Minimalist Living: The trend at home is that easy

What is the minimalist living trend? We clean up with clichés like strelies living and radical mucking out

Minimalist living is a chair from the Kovac family
Source & Copyright by Kovac Family

Author: Katharina Healing

What does minimalist living mean?

  • Living in a minimalist way means limiting yourself to clear shapes, colors and the essentials
  • The minimalist apartment can provide more mental clarity, mindfulness and gratitude
  • Minimalism is not about radical mucking out, but about living consciously

The topic of minimalism has long since moved from its unknown niche into the mainstream. Millions of people enjoy living without unnecessary ballast, limiting themselves to the essentials and only calling a few selected possessions their own.

The minimalism lifestyle

Minimalism is a lifestyle that restricts itself to the essentials by reducing the unnecessary. Minimalism, for example, refers to the wardrobe when there are only a few, high-quality and timeless items of clothing hanging in the closet instead of chasing constantly changing trends.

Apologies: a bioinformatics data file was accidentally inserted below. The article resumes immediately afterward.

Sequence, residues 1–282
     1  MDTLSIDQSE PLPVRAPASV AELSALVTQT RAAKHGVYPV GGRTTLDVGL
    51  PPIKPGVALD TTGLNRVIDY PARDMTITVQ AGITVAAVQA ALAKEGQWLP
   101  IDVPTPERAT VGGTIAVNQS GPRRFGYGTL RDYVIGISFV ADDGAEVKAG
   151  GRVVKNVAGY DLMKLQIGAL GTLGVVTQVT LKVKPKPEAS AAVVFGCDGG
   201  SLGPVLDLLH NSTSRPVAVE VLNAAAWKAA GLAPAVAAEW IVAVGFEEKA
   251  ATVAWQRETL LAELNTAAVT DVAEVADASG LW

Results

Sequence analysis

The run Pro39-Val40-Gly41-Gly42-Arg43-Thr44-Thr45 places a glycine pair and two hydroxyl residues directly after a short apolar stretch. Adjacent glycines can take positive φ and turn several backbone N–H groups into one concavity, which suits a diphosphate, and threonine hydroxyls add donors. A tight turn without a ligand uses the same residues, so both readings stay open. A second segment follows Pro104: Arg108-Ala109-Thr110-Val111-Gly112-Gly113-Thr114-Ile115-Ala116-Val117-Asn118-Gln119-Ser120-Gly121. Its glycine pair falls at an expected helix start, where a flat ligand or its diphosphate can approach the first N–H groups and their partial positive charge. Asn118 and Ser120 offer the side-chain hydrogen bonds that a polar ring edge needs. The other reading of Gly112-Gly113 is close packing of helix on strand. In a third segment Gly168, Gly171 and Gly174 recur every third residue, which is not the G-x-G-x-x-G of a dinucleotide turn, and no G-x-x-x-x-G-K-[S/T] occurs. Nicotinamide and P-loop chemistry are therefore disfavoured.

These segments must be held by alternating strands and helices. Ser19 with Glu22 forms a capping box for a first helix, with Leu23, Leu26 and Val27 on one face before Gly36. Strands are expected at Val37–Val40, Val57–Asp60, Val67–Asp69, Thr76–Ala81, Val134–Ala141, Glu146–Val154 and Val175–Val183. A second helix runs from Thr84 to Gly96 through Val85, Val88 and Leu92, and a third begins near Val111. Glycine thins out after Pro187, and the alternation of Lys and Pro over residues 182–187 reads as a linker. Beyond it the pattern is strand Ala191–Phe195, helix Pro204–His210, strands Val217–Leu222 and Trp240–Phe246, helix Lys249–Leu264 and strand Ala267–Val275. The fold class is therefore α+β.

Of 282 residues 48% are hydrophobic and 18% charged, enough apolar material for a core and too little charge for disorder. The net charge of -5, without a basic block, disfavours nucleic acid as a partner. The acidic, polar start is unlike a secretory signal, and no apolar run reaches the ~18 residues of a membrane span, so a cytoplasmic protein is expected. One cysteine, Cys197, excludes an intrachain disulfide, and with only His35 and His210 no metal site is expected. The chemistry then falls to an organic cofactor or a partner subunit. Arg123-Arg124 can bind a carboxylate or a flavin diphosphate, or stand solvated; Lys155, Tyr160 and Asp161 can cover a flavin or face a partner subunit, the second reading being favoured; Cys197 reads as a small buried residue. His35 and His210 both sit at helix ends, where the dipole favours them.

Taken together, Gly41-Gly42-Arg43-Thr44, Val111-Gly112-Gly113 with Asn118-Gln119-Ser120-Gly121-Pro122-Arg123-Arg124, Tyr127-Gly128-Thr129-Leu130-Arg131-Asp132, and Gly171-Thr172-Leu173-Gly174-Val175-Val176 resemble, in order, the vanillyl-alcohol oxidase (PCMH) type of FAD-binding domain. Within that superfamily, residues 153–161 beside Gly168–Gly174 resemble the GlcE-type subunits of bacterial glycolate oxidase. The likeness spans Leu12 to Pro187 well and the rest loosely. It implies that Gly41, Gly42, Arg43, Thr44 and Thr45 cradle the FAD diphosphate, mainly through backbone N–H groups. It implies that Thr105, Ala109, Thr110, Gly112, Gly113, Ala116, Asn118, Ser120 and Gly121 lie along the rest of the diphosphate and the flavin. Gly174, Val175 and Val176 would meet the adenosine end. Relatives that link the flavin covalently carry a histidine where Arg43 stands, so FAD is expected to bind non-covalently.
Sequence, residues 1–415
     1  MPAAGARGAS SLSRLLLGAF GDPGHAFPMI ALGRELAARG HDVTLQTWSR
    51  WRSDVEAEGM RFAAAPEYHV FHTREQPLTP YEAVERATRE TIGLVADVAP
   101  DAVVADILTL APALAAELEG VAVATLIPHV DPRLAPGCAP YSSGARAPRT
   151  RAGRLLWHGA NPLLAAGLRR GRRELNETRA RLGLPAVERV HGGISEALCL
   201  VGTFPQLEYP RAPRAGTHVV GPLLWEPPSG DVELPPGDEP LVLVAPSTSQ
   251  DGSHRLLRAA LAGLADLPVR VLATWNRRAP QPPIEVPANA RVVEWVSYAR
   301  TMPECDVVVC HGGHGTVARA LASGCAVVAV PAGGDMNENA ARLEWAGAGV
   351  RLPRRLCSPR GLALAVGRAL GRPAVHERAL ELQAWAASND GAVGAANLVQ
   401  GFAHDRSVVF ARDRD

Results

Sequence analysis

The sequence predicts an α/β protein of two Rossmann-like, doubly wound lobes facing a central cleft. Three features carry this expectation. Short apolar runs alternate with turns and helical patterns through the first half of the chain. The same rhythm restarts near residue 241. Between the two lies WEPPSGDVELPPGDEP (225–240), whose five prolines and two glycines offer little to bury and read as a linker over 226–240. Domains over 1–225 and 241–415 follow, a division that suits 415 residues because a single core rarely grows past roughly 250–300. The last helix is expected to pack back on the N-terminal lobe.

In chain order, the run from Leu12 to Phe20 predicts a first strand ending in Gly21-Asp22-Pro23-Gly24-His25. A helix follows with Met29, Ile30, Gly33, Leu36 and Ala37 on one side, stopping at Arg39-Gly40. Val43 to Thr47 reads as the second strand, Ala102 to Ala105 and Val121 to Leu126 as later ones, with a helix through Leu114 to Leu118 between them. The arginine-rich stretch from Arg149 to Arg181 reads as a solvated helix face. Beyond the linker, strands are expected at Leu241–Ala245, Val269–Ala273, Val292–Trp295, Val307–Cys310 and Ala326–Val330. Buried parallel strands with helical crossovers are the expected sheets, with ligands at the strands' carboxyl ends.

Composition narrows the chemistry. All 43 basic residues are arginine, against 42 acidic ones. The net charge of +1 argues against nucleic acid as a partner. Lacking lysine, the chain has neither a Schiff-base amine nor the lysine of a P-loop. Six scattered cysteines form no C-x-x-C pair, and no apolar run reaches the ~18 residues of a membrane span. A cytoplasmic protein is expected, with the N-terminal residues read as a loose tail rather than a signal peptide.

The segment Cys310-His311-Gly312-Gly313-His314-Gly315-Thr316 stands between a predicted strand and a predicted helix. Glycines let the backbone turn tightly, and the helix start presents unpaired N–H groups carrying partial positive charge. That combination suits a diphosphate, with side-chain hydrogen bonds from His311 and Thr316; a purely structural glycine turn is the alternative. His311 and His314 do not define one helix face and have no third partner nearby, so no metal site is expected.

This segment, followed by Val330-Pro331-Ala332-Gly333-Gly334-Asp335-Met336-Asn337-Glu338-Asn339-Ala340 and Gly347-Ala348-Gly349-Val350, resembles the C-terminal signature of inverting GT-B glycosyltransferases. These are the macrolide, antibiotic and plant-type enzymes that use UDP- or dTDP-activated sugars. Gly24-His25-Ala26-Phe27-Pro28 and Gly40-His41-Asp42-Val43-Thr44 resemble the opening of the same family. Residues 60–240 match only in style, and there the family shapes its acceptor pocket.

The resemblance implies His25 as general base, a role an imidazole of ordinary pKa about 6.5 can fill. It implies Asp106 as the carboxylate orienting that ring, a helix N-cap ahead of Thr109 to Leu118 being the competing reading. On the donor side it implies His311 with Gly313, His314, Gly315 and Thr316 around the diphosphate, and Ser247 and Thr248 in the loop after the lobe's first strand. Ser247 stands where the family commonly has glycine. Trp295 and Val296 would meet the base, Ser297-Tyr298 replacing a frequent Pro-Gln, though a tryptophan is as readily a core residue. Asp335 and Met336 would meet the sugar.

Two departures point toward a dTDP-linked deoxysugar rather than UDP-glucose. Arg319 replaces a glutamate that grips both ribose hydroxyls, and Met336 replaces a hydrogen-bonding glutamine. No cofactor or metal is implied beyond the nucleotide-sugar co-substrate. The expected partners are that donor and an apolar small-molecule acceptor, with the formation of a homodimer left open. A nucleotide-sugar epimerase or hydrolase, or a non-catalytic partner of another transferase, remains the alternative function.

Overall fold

But minimalism, which relates to the living space, is also becoming increasingly popular. The apartment or house is then only equipped with the things that are really necessary for life. Decoration is used very consciously and purposefully, shapes and colors are also clear and calm.

Banish material and spiritual ballast

Those who live minimalistically want to banish material and spiritual ballast and create space for things, people and experiences that are really meaningful. Many minimalists are also adventurous travelers, which is why it is advantageous for them to have only a few items.